They are both secular people who identify strongly with their Jewish heritage and do good things in the world in their spare time. I’ll never stop being impressed with Daniel Radcliffe’s advocacy for gay teens with The Trevor Project–it’s not easy to be a young heterosexual actor and stand up for queer youth.
It was delightful to see this video of Radcliffe presenting the Tony Award to Johansson last night for her work on “A View From the Bridge.” They have both matured (I didn’t want to say grown up about DanRad!) into very dedicated actors. It’s strange to kvell about famous young people, but I did, and you might, too–enjoy:
The Forward ran a feature story by Mladen Petrov , “Poles Create Images That Say ‘I Miss You, Jew’”. It’s about an art project conducted by a Warsaw ad executive, Rafal Betlejewski. On the front page of the paper is a person sitting in a chair in Lodz, where my best friend’s grandmother grew up–next to an empty chair to symbolize all the Jews who aren’t there.
You can see the website of the project, where many Poles have collected their memories of Jews, at tesknie.com. Betlejewski was moved by reading Jan Gross’ book Neighbors, about a pogrom during the Second World War in the small Polish town of Jedwabne.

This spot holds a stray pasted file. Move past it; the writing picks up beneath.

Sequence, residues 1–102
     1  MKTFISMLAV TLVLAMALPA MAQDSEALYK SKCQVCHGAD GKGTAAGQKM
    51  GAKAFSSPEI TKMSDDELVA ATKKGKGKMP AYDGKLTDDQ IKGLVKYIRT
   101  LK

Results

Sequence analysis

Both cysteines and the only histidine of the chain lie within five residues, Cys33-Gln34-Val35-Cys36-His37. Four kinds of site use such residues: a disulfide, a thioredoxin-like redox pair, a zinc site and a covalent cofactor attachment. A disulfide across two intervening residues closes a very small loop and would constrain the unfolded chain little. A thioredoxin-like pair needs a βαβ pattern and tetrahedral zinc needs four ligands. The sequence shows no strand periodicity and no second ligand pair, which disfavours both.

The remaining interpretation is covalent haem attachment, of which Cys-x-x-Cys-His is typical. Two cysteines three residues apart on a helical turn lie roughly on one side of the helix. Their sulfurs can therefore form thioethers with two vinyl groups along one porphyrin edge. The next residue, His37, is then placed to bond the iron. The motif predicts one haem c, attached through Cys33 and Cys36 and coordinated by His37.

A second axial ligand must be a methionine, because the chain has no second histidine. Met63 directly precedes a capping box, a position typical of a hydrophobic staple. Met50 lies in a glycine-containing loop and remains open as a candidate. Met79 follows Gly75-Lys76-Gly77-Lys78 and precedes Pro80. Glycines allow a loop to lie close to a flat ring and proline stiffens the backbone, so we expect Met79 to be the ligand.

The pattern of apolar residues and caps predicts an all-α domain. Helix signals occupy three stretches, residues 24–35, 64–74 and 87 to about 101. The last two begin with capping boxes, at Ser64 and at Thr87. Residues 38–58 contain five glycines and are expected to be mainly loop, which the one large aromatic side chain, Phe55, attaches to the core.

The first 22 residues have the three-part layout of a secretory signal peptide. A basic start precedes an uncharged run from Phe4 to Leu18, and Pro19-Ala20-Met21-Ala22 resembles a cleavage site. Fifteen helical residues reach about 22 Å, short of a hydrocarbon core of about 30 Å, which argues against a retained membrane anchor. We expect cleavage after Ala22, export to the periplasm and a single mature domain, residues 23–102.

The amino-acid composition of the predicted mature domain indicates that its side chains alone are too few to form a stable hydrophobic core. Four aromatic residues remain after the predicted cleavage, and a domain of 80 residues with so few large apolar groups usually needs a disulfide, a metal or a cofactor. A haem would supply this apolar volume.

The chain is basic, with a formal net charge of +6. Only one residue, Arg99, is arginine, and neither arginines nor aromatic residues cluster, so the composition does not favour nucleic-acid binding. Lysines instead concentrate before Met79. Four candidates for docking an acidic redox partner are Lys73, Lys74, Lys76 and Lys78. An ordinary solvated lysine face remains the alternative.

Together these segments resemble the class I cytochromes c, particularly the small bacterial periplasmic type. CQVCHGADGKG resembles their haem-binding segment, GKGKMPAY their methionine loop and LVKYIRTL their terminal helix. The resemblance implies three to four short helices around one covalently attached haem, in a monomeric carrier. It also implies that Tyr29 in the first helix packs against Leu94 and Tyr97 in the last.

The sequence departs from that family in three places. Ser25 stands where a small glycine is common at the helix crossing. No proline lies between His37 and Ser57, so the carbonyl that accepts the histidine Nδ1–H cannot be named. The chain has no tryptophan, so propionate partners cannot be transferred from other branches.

I’d read about this project before, because I knew about Gross and Jedwabne from working with Joanna Michlic, a historian of Polish Jewry. Dr. Michlic is a specialist on the history of the relationships of Poland’s Jews with the broader community of non-Jewish Poles. She’s also a child of an interfaith family. She and I are about the same age. I was reading about the Solidarity movement in the Cleveland Plain Dealer while she was active in the Solidarity movement–and it was in that context she first understood herself to be Jewish. She was raised with no Jewish identity. Her family didn’t think it was safe.
Her experience of growing up in an interfaith family is nothing like the experiences of the people who use our site. In the Forward article, Petrov writes:
The idea is not strongly supported everywhere. During a recent photo shoot in Grodzisk Mazowiecki, a town near Warsaw where Jews constituted 87% of the population at the beginning of the 19th century, only 15 people showed up. At the Gdański train station, a large number of those who came were in attendance mainly because of their own Jewish roots. Some critics see in the project both a hidden Jewish agenda and a simple gimmick for self-promotion by Betlejewski, who has conducted two unrelated social campaigns in his work as an ad agency executive.